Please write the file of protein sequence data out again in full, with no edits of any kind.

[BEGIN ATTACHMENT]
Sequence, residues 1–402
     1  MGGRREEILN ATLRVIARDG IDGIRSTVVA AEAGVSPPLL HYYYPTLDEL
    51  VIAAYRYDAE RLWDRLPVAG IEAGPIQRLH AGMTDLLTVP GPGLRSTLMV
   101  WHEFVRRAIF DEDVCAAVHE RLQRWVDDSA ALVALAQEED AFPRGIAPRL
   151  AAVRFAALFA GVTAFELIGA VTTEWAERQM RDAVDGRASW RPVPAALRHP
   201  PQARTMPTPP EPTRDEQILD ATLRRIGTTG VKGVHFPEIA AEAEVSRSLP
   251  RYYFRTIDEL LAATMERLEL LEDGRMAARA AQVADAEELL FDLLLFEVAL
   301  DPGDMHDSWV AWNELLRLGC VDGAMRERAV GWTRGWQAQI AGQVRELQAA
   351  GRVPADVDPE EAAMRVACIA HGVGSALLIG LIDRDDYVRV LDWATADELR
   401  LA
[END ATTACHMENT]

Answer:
Sequence, residues 1–402
     1  MGGRREEILN ATLRVIARDG IDGIRSTVVA AEAGVSPPLL HYYYPTLDEL
    51  VIAAYRYDAE RLWDRLPVAG IEAGPIQRLH AGMTDLLTVP GPGLRSTLMV
   101  WHEFVRRAIF DEDVCAAVHE RLQRWVDDSA ALVALAQEED AFPRGIAPRL
   151  AAVRFAALFA GVTAFELIGA VTTEWAERQM RDAVDGRASW RPVPAALRHP
   201  PQARTMPTPP EPTRDEQILD ATLRRIGTTG VKGVHFPEIA AEAEVSRSLP
   251  RYYFRTIDEL LAATMERLEL LEDGRMAARA AQVADAEELL FDLLLFEVAL
   301  DPGDMHDSWV AWNELLRLGC VDGAMRERAV GWTRGWQAQI AGQVRELQAA
   351  GRVPADVDPE EAAMRVACIA HGVGSALLIG LIDRDDYVRV LDWATADELR
   401  LA